Occupy movement was 'rich white boys' says new study

A new report by top sociologists has exposed the hypocrisy and lack of representation within the Occupy movements of 2011/12

by Phoenix on 29 January 2013 21:14

According to a new study from sociologists at the City University of New York, more than a third of activists in the Occupy movement in New York City had household incomes above $100,000, placing them at the cusp of the top quintile of income distribution in America.

The National Review Online today reports that researchers who surveyed 729 people who participated in a May 1 rally last year found that they were more affluent, whiter, younger, much more highly educated. The survey also found that the protestors were more likely to be male.

Non-Hispanic whites constituted 62 percent of all respondents, though they make up only 33 percent of New York City residents. So much for representative.

While only about a third of Americans hold bachelors’ degrees, 76 percent of respondents who had completed their education had a four-year college degree and 39 percent had graduate degrees. Among college graduates, more than a quarter went to top-ranked schools, which might help explain why the majority of graduates under 30 had some student debt. While 10 percent of participants were unemployed, 71 percent were employed in professional occupations. Eight percent were “blue collar.”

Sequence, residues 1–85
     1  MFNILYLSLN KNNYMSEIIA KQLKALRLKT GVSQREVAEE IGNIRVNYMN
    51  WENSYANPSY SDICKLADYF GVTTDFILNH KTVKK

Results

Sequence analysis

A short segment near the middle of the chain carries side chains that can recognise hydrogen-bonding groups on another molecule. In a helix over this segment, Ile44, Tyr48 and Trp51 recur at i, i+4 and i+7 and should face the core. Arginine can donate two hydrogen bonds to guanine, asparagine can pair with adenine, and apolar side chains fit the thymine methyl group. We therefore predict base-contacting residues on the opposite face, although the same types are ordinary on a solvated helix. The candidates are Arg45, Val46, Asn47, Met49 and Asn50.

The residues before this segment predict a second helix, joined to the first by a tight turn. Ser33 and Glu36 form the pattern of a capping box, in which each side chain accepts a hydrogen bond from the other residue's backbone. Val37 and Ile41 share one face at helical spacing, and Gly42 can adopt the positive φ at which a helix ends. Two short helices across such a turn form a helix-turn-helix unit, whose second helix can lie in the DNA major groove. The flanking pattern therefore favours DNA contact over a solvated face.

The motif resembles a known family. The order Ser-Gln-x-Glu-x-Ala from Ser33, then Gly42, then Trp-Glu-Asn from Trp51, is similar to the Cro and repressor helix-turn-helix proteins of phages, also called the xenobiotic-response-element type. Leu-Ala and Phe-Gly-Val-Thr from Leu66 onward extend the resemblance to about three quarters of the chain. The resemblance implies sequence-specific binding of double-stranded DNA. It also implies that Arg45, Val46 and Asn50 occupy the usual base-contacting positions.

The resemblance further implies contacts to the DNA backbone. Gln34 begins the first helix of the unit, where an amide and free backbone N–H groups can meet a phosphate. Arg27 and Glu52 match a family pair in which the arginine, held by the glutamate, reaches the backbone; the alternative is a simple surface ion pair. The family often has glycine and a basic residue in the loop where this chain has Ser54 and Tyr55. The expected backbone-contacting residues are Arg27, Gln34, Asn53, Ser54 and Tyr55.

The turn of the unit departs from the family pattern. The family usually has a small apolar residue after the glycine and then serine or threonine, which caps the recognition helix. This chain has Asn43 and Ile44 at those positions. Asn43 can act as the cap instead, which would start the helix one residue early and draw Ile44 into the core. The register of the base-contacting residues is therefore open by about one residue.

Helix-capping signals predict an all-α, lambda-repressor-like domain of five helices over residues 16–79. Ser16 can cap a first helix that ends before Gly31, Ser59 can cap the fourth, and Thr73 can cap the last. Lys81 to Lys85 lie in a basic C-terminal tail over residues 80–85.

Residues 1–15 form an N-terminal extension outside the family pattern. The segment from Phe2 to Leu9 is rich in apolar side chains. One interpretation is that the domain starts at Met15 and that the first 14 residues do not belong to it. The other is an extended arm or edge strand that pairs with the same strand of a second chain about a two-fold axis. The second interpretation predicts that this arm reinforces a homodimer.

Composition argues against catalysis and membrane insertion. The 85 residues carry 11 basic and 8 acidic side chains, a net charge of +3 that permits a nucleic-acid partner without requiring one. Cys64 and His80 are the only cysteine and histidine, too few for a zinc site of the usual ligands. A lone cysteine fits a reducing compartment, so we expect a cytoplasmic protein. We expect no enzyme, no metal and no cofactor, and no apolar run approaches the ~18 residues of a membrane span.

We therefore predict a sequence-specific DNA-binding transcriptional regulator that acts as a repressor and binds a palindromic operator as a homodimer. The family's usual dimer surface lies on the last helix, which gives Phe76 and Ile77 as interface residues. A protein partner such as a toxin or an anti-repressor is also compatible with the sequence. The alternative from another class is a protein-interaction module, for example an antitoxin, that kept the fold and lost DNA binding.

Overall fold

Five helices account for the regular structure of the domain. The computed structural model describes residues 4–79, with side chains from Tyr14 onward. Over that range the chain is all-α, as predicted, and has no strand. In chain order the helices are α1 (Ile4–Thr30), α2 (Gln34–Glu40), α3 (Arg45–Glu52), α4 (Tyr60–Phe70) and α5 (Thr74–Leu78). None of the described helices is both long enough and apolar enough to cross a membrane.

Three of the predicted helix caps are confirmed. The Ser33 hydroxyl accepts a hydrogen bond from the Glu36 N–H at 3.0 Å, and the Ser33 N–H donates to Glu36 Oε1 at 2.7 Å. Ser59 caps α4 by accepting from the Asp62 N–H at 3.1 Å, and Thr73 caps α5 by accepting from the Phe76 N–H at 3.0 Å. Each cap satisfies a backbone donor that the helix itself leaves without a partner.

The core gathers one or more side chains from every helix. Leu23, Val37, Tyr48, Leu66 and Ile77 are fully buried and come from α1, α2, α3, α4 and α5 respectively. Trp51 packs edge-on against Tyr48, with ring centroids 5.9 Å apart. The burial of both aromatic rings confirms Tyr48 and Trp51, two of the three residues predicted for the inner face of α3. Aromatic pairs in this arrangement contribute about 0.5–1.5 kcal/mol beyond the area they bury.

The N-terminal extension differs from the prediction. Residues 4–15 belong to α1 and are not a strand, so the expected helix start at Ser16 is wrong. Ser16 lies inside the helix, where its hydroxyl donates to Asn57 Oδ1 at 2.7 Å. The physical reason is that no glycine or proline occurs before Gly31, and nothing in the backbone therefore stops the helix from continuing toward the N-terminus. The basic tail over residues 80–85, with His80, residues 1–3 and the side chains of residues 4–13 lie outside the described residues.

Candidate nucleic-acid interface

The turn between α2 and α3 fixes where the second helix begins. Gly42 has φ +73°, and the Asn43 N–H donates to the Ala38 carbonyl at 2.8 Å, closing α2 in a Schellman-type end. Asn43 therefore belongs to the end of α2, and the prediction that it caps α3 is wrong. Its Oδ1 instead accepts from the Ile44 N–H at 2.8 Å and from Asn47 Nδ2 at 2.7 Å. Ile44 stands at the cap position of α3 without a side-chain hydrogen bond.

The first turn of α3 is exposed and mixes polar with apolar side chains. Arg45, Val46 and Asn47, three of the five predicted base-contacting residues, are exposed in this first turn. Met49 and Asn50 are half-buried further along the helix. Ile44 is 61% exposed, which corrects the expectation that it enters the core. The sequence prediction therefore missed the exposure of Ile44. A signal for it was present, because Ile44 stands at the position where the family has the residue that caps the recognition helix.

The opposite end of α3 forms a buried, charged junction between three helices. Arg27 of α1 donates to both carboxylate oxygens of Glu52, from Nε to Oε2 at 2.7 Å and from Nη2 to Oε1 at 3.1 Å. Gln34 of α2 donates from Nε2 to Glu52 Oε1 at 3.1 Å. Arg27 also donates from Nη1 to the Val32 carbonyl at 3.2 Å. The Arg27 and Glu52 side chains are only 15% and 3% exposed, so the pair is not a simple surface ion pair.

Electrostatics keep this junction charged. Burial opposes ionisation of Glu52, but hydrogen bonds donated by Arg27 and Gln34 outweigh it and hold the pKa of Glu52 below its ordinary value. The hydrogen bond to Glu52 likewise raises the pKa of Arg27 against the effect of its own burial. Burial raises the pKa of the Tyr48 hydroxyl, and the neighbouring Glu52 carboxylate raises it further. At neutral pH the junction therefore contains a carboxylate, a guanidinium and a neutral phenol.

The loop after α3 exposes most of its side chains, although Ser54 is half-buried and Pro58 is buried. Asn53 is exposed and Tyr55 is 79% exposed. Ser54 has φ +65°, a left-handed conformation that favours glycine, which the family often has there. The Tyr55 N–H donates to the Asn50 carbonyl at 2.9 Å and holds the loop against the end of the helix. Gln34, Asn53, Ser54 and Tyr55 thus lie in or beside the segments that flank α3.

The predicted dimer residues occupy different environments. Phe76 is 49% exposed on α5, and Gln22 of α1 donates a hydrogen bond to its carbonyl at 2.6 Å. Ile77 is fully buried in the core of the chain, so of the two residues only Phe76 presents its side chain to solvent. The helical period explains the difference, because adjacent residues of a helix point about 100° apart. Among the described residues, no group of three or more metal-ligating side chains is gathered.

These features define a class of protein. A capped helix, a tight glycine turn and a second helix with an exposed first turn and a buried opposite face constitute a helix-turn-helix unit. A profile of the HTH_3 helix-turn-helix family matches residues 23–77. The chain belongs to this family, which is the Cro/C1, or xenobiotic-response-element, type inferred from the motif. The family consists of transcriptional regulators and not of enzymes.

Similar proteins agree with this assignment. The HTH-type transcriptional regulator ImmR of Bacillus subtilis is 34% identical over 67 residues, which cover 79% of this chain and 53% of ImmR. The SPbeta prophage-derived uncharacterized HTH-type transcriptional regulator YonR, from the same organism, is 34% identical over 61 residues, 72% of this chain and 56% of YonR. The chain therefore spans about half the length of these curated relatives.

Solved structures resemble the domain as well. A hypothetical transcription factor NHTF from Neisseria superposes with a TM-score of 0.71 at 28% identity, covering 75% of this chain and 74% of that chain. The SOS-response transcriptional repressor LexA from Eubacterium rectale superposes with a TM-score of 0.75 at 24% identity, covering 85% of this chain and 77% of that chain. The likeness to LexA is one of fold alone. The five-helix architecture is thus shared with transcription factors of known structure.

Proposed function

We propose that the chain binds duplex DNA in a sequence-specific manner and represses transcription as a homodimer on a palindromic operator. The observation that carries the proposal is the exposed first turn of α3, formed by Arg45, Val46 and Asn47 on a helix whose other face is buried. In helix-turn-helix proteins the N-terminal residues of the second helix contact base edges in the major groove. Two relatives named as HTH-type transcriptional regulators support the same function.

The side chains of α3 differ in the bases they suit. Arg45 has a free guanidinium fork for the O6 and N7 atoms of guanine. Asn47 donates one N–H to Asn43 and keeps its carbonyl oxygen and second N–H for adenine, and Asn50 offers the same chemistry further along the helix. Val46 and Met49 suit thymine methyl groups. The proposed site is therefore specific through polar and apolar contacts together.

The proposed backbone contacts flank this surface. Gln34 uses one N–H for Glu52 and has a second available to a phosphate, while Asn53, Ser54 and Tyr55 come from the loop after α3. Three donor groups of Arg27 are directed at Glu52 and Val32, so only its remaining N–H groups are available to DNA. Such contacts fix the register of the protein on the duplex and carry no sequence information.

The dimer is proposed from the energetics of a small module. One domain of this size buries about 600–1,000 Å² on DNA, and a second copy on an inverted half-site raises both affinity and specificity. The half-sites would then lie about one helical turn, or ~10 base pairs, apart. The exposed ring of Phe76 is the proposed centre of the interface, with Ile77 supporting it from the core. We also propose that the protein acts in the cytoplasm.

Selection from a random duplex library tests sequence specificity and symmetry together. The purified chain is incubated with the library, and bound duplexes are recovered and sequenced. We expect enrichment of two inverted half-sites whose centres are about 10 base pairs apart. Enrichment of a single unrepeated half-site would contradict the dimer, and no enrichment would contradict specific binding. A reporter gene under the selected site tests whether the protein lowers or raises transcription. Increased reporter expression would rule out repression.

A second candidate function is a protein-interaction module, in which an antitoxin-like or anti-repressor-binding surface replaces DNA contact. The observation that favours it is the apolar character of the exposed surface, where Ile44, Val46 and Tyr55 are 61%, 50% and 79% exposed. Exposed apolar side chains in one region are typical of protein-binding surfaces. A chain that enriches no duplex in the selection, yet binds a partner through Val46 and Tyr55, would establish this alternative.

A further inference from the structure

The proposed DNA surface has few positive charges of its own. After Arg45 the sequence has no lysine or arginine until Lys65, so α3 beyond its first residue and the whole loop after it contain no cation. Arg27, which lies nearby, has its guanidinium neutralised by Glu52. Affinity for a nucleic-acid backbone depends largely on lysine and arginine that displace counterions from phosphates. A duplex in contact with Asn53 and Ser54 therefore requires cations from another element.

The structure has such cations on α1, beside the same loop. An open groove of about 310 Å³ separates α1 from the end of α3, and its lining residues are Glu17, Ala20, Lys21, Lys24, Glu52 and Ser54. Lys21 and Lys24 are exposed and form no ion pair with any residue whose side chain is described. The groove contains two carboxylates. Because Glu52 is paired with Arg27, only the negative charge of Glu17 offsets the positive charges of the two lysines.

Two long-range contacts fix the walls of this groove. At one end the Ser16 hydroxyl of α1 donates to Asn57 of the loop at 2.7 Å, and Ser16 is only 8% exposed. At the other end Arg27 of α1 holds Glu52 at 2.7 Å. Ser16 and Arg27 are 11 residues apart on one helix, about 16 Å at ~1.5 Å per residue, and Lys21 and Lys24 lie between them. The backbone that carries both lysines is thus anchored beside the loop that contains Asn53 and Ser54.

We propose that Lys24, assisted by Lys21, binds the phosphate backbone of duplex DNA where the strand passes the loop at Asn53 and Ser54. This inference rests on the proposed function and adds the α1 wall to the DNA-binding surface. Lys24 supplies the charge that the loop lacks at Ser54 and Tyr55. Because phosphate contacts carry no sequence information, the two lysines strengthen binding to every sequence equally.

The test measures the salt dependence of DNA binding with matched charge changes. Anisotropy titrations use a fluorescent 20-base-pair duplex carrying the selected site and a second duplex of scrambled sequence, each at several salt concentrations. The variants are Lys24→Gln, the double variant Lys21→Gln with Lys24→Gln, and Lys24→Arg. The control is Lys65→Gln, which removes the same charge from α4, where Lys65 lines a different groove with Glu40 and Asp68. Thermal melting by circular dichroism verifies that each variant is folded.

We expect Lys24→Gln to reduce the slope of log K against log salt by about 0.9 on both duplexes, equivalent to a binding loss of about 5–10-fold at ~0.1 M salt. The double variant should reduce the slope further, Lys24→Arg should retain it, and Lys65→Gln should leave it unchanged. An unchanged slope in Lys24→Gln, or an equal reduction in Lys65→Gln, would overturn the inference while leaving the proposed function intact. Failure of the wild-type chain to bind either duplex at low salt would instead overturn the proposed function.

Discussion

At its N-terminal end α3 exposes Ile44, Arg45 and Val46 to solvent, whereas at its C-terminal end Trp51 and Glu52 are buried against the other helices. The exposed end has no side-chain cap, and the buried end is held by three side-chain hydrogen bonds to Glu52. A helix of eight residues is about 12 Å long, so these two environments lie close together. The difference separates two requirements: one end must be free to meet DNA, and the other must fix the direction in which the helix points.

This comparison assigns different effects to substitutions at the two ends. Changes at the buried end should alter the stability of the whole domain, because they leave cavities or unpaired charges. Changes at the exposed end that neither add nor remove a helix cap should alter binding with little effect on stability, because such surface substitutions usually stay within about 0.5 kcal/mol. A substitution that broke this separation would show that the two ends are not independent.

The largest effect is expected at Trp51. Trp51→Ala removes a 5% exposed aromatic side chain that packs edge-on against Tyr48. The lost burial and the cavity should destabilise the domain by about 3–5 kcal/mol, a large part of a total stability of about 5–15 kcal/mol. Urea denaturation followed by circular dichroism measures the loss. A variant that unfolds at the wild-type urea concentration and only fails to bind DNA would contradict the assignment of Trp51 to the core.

In 2011, the Daily Caller and FrontpageMag both reported the intriguing make-up of the Occupy movement, but were at the time dismissed by the mainstream media and by the protestors themselves. This new study will certainly make for uncomfortable reading amongst those who claim the group was the "99 percent" rebelling against the 1 percent elite.

The study found that “white respondents were also significantly more likely to be ‘actively involved’ than people of color” in the movement. The protests were largely organised by a core group of experienced activists who were “disproportionately white and male,” according to the researchers.

One interviewee involved in training sessions described the leaders as “a predominantly young white male group.” Another said they were “more privileged and more college-educated, and sometimes beyond college-educated.”

“It’s a pretty affluent demographic and highly educated,” Professor Ruth Milkman, one of the authors of the study, told the New York Post. “Many were the children of the elite, if you will.”

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